Fast, healthy and sustainable: What we want from our food in the future

By Kate Langford

17 July 2017

Our Meals By Design will aim to provide healthy, chilled convenience meals that cater for people with specific nutritional needs.

Our Meals By Design will aim to provide healthy, chilled convenience meals that cater for people with specific nutritional needs.

Eating ready meals designed for your specific personal needs, snacking on insects and taking scientifically-validated supplements for stress and anxiety is not something from a futuristic movie; it could be reality just years from now.

This week we released our Food and Agribusiness Roadmap which predicts three areas of opportunity for business in the sector to grow, and this may see a change in our diets.

Food for health and wellbeing

You only have to look at the popularity of chia seeds, quinoa and goji berries to realise that consumers are demanding foods that are better for them. Add to that, the estimated 10% of Australian adults that avoid gluten in their diets.

In recent years we’ve responded to this growing market, by developing BARLEYmax, a high-fibre wholegrain and the ultra-low gluten Kebari™ barley. We’re also working on canola with high levels of omega-3 fatty acids.

Research by our food scientists is investigating how genetics, environment and experiences influence our taste preferences and it is hoped these new insights will be used to develop better tasting healthier food options, containing less salt, sugar and fat.

Foods personalised to individual preferences are already under development. Our Meals By Design will aim to provide healthy, chilled convenience meals that cater for people with specific nutritional needs.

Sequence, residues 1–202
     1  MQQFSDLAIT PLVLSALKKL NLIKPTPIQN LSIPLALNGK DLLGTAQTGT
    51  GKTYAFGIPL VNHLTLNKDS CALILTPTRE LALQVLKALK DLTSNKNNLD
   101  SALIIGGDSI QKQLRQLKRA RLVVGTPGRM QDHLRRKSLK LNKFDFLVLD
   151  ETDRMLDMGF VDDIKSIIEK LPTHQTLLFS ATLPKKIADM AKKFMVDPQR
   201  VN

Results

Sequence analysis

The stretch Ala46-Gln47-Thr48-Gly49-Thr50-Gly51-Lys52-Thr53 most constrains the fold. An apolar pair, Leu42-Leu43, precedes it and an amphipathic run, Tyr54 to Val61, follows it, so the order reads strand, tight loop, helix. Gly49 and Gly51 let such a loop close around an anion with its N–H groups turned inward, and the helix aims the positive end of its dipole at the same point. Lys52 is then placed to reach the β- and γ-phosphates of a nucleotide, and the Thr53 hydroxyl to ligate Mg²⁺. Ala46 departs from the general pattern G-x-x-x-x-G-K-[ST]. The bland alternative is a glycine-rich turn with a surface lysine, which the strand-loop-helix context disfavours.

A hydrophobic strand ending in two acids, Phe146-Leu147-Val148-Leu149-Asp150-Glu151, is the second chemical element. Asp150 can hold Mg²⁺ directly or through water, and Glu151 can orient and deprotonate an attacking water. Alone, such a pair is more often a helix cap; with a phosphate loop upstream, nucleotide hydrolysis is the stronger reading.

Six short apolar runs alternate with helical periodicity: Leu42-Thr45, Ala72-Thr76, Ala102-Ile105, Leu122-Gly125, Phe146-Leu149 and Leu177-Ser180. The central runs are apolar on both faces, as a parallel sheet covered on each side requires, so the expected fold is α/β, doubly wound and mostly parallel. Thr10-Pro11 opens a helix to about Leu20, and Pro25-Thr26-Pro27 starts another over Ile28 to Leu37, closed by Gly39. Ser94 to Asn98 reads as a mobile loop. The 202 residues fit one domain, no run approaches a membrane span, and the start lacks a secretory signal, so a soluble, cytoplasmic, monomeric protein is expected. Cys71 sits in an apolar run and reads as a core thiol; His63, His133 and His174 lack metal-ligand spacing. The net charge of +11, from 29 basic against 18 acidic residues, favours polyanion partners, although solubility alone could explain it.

BARLEYmax is high in fibre, particularly resistant starch.

BARLEYmax is high in fibre, particularly resistant starch.

Sustainable solutions

Consumers want products with better environmental credentials, including more sustainable packaging, green and ethical supply chains and alternative sources of protein.

In Australia we waste 312,000 tonnes of food annually in food manufacturing alone. Our researchers are working on a Food Loss Bank, which would classify edible food otherwise destined to be wasted, log its origin and facilitate storage until it can be diverted back into the supply chain.

Edible packaging could also become a reality to further reduce waste in the sector.

When it comes to eating protein, pulses, algae and even insects offer a more sustainable option. The global edible insect market (including flours, snacks and animal feeds) is expected to grow from US $34 million in 2015 to over $520 million by 2023.

Premium foods

Driven by Asia’s growing middle class and worldwide urbanisation, the demand for high-end food and luxury food gifts is on the rise.

A small Victorian company, Preshafood, worked with us to develop premium products, such as Granny Smith and Pink Lady juices, that are pasteurised using high pressure processing (HPP) instead of heat; killing off the nasties while maintaining fresh-like characteristics and nutritional value.

We can expect to see a greater variety of quality convenient fresh and packaged products coming onto the market. This could include ready meals that contain the recommended 2+ serves of fruit and 5+ serves of vegetables.

Australia currently exports over $40 billion worth of food and beverages each year and 88 per cent of these exports are raw ingredients. To grow our food and agribusiness sector, we need to add value to the produce we grow and develop unique products here in Australia before we send them offshore.

Food and Agribusiness Roadmap is designed to assist businesses in navigating unprecedented change, brought about by less predictable growing conditions, increasingly global value chains and customers who demand healthier, more convenient and traceable foods.

You can download our Food and Agribusiness Roadmap here.